Table 3 Summary of associations between patient characteristics and ductal lavage cellularity

Examples of cytological scoring categories are illustrated in Fig. 2. Four women (8%) had severe atypia diagnosed in at least one DL sample, and three of these had mild atypia noted in at least one of their other DL samples. Seven additional women (13%) also had mild atypia alone in at least one DL sample. Overall, there were 20 ducts with atypia from 11 women; 4 of these were classed as severe atypia and 16 as mild atypia. None of the ducts (0/4) with severe atypia were non-FY and two of the ducts with mild atypia were non-FY (2/16). Two of eleven (18%) women with atypia had a previous diagnosis of breast cancer. DL samples with any atypia were significantly more cellular than samples without atypia (P < 0.001; Table 3). All of the women with severe atypia had a full clinical assessment by a breast surgeon, including an additional mammogram and breast ultrasound. Three of them also had a breast MRI. No suspicious lesions were identified, but one of them had two fibroadenomas diagnosed by imaging and confirmed by biopsy in the breast with atypia.

Figure 2
figure2

Examples of ductal epithelial cells collected by ductal lavage. (a) Benign ductal epithelial cells. (b) Epithelial cells with mild atypia. (c) Epithelial cells with severe atypia.

Five women, all with BRCA1 mutations, were diagnosed with breast cancer (median five months following study entry); the features of their cancers and associated DL samples are summarised in Table 4. Only one cancer was detected through a scheduled annual screening mammogram, and was clinically impalpable at the time of diagnosis. All four other cancers were interval cancers discovered by self-detection of a new breast lump. All prior screening mammograms and clinical breast examinations were reported as normal. One woman had mild cytological atypia in the DL sample from the cancer-containing breast but no cytological atypia was identified in the DLs from the cancer-containing breast of the other three women successfully lavaged. Thus, there appeared to be no correlation between the presence of cytological atypia and the short term development of cancer.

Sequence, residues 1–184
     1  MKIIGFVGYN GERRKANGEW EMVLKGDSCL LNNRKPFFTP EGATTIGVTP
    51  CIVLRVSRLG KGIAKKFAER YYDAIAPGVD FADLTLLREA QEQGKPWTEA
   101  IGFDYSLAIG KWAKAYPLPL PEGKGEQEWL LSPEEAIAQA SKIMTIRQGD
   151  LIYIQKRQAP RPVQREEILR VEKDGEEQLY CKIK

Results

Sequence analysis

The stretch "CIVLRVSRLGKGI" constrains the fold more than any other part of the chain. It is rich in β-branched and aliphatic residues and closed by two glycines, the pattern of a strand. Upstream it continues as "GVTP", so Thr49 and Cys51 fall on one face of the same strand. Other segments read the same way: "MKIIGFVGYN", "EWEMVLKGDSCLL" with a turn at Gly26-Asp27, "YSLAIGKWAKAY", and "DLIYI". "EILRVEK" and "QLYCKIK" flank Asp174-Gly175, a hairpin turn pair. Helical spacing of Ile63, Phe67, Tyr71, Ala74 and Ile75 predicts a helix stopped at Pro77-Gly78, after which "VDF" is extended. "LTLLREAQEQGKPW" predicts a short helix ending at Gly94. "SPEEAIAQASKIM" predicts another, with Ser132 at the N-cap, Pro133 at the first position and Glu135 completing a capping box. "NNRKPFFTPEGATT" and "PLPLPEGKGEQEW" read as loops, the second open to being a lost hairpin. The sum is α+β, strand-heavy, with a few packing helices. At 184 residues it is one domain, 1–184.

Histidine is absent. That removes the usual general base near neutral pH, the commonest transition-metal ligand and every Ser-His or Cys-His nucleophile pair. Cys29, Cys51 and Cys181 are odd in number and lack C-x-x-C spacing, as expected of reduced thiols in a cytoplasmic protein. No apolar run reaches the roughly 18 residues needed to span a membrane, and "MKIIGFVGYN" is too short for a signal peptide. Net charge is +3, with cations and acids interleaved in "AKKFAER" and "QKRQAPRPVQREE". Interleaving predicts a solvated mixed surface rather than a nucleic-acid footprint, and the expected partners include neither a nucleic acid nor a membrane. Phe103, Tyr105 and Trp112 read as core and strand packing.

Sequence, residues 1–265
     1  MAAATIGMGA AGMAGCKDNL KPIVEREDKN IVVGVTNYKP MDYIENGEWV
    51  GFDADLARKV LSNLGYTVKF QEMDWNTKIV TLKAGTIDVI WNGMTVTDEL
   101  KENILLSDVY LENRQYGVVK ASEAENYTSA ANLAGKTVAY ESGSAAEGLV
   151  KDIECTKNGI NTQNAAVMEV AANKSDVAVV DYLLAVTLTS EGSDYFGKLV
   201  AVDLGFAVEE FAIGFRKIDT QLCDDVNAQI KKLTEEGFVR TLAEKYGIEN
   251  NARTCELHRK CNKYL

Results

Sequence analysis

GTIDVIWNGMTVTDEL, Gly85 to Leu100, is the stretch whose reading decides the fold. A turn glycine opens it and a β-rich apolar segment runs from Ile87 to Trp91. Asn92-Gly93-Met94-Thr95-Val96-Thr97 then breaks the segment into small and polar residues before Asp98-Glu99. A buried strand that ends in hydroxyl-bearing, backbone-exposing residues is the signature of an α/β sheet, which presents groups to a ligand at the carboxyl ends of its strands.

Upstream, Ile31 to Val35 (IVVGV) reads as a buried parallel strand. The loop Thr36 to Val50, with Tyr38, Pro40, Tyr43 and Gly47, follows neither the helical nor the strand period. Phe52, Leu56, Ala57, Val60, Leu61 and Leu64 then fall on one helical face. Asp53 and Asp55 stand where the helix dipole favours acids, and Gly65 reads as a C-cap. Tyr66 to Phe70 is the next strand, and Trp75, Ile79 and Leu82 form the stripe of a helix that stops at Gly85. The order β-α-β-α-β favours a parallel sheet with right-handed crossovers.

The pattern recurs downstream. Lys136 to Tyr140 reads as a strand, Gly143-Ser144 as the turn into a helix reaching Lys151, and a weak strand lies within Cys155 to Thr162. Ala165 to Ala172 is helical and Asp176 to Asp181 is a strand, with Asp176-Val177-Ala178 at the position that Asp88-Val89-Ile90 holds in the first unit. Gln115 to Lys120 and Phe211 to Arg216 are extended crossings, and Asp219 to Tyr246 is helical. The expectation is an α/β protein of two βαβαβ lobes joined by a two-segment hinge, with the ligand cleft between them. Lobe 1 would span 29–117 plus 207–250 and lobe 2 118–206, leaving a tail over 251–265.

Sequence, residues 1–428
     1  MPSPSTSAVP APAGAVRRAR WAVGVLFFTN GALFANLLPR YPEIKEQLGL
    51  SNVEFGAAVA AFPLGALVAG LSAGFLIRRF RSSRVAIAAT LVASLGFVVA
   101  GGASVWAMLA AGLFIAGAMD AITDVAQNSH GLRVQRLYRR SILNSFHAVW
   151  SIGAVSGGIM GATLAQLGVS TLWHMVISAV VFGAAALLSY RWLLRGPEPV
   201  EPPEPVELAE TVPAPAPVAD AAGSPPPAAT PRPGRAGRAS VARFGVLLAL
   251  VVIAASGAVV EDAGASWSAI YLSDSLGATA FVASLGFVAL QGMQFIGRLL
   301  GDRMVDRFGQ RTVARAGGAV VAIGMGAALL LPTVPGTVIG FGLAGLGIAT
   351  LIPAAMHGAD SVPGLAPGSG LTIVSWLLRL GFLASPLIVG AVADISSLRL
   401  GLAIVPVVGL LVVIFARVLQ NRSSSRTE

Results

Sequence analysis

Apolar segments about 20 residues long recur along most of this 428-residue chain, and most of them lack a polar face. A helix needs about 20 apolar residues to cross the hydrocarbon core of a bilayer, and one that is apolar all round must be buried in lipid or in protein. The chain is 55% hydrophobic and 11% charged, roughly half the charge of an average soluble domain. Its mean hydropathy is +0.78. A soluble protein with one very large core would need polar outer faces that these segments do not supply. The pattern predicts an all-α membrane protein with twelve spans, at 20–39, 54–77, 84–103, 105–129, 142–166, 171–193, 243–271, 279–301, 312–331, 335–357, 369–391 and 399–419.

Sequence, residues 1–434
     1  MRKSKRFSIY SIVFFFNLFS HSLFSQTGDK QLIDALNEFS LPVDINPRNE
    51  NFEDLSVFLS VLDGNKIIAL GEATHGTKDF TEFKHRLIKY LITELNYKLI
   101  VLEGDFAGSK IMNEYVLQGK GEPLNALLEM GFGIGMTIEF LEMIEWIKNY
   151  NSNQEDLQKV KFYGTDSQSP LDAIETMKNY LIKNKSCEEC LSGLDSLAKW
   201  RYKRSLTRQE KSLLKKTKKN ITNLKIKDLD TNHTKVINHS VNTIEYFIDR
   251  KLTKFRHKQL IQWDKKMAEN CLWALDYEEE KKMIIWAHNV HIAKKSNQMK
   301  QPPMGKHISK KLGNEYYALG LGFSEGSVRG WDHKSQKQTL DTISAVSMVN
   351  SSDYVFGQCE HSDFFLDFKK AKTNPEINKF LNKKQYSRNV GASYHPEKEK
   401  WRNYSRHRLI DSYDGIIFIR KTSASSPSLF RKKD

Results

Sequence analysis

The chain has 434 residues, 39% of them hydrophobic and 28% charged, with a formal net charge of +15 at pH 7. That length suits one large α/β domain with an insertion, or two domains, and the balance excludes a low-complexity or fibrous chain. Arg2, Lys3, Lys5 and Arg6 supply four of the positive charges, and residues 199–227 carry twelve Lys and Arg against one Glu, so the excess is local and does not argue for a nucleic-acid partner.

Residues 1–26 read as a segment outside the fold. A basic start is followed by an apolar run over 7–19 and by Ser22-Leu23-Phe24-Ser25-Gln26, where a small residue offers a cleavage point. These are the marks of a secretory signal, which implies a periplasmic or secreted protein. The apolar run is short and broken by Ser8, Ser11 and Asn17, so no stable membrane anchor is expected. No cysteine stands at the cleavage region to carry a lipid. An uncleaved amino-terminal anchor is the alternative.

Table 4 Demographic, tumour and ductal lavage characteristics of women who developed breast cancer after study entry

Discussion

This is the first published study, to our knowledge, to describe the findings from serial NA and DL in a cohort of women with germline mutations in BRCA1 and BRCA2 genes. We have demonstrated that it is both acceptable and feasible to collect these samples and we have established a prospective collection of samples with ongoing epidemiological data that will be available for future breast cancer biomarker discovery.

We found that we could obtain ductal fluid by NA in 60% of our cohort overall, but that NAF was more often obtained from premenopausal women. Our overall figures are less successful than reported by most (48% to 99%) [1921, 7, 22, 23]. One explanation is that we had a high proportion of postmenopausal women in our cohort (52%) and the proportion of premenopausal women with FY ducts in our cohort is significantly higher than the proportion of postmenopausal women with them. Additional explanations could include the persistence with which the collection of NAF was pursued. For studies of NAF only, it is appropriate to be particularly persistent but in our study, as this was the preliminary to subsequent lavage attempts, we had concerns regarding engorgement of the nipple as a consequence of vigorous attempts to elicit NAF and time constraints were also important. It is possible that if we had been more persistent our overall NAF success rates may have improved a little, although we consider it unlikely that this would have changed our results substantially.